Weakness: As much as it pains me to say, but to be directly candid, I perceive a lack of trust among the levels of Administration and between the Central Office and School Buildings across our District. Without trust, sustainable growth and long-term success can be very difficult if attainable at all. That said, all organizations have transitional periods and anything can be attained with deliberate, authentic communication and diligent preparedness.

What do you foresee being the biggest hurdle facing the district in the upcoming years?

We have an opportunity to create a top-notch, unique learning environment with the processes learned through our experience of the Comprehensive School Improvement Plan, phase one. The CFMP was not perfect, but the experience can prepare us for a hurdle that I foresee in student growth, city expansion, changing demographics and careers that are constantly changing. Our community was involved throughout the process and will continue to be involved as long as people there is sustainable value for our future.

What are your plans for returning funding to dwindling and lost extracurricular activities?

We need to first reflect on our Cost Containment decisions in years of 2011-2013, to understand our history. We can then identify the financial commitment it would take to return those lost extracurricular activities in today’s dollars. Our next step would be to critically analyze any impact to current curriculum, classrooms, etc. We should also consider alternative, cooperative community partnerships if that’s a reasonable opportunity.

How can the school district better prepare students for careers that don’t require a traditional four-year degree?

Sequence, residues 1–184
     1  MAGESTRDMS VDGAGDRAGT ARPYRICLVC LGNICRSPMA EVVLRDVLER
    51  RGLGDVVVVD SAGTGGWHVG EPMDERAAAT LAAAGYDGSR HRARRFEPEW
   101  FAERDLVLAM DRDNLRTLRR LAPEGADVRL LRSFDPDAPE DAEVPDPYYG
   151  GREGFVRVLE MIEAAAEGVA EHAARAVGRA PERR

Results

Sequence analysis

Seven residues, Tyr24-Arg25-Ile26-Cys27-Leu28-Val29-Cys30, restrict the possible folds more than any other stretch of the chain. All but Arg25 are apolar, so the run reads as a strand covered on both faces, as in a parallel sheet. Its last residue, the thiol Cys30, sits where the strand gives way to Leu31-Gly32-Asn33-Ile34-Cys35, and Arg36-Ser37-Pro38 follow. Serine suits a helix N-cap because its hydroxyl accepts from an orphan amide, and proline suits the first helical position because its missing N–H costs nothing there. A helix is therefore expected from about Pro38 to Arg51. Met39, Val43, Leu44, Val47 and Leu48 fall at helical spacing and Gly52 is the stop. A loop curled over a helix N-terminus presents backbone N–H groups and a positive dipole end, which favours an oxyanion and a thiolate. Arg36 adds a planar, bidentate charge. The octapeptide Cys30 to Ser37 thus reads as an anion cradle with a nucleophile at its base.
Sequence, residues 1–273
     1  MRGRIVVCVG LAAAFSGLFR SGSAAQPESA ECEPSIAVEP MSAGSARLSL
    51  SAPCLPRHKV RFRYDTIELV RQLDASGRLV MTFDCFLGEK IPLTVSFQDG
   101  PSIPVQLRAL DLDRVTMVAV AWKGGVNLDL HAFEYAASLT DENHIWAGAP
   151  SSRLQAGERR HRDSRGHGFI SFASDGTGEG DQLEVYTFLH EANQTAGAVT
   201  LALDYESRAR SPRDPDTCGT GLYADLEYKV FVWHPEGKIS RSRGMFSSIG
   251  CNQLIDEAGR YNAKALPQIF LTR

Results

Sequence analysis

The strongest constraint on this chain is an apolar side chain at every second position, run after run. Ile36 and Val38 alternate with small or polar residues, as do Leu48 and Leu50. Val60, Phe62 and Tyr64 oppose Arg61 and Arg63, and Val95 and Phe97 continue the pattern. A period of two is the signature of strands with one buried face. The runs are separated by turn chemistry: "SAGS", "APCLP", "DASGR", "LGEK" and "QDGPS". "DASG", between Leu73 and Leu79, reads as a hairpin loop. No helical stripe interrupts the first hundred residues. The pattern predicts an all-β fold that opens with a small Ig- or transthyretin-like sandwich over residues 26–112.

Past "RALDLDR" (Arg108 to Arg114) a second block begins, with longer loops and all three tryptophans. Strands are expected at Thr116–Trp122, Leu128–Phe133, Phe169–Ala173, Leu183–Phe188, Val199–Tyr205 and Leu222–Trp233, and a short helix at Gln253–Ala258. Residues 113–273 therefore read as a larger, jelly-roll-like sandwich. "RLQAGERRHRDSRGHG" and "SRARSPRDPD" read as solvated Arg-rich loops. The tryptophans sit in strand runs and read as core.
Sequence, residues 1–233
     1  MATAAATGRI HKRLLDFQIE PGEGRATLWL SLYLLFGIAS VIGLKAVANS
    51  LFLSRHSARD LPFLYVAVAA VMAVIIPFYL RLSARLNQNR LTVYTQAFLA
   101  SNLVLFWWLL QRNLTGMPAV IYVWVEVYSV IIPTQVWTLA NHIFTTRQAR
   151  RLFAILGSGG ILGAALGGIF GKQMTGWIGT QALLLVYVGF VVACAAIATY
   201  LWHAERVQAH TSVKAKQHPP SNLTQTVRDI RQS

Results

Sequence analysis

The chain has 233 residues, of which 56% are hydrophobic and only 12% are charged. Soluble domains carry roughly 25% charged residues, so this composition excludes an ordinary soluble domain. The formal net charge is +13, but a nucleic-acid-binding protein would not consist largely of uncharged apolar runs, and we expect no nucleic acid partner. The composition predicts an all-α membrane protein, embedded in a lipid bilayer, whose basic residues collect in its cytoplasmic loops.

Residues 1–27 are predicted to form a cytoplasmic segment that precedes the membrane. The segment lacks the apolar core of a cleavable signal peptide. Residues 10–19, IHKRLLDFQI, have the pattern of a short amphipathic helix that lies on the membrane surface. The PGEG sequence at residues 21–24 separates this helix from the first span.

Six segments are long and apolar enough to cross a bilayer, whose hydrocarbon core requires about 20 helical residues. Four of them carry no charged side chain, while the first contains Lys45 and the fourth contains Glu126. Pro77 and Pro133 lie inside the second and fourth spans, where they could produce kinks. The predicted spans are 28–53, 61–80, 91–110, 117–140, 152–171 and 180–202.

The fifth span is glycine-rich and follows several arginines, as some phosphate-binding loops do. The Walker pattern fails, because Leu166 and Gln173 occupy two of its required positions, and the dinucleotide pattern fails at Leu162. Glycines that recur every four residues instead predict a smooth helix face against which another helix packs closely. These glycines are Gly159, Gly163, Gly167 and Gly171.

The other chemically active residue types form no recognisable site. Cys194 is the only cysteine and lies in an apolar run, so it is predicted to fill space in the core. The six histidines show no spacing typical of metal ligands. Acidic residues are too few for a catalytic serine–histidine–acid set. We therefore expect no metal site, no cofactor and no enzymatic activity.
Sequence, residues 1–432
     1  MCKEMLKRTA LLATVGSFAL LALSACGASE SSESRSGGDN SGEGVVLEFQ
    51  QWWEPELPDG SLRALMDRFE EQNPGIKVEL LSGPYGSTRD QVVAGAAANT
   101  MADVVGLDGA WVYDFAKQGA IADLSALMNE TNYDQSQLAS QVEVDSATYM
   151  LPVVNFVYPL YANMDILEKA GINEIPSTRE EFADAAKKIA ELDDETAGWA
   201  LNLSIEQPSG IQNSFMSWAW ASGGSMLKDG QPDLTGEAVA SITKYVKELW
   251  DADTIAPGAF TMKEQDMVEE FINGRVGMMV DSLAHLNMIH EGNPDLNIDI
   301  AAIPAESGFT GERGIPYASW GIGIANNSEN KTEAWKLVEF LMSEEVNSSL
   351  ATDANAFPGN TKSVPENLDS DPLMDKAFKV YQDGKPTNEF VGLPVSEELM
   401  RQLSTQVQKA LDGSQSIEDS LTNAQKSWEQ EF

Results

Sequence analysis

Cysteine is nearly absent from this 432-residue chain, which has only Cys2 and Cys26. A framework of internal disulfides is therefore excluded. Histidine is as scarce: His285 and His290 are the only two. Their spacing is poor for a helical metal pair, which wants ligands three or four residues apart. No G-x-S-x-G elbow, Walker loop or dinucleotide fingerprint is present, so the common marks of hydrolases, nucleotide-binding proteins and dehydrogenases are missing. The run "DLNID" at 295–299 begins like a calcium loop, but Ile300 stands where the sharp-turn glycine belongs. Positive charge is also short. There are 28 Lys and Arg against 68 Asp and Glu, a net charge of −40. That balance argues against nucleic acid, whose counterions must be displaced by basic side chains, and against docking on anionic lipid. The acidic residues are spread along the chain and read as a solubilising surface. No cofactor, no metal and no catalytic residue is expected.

We should continue to examine curriculum that other Districts have in place across the country. We can examine cooperative arrangements with Districts, community colleges and traditional four-year universities that are utilizing training that is not traditional to the four-year degree. We need to understand what funding opportunities are being created at the State and Federal level that may assist us in those non-traditional decisions.

How do you view the financial management of the district? Would you do anything to change it?

Presently it does not appear that the financial management of the District is very transparent. We have employees at the financial management level who have limited experience within our District and their understanding of our history is reflective of that. We have traditionally shared financial information with the Business Roundtable and the Community Advisory Board for full disclosure and accountability. A conversation with those organizations would be a great step.

Do you believe that a teacher’s evaluation should be based on student test scores?

A teacher’s evaluation should be much broader than simply based on test scores. Educators’ roles and responsibilities have grown into so many aspects of a student’s life (socio-economic dynamics, mental health awareness, adverse childhood experience recognition, nutritional understanding, etc.), a measure of test score is only as a single measure of a student’s success. We can never pay an educator what they are financially worth, so it is an injustice to limit their evaluation on a single aspect of a student’s life.

What are your ideas for addressing suicide education and awareness at all school levels?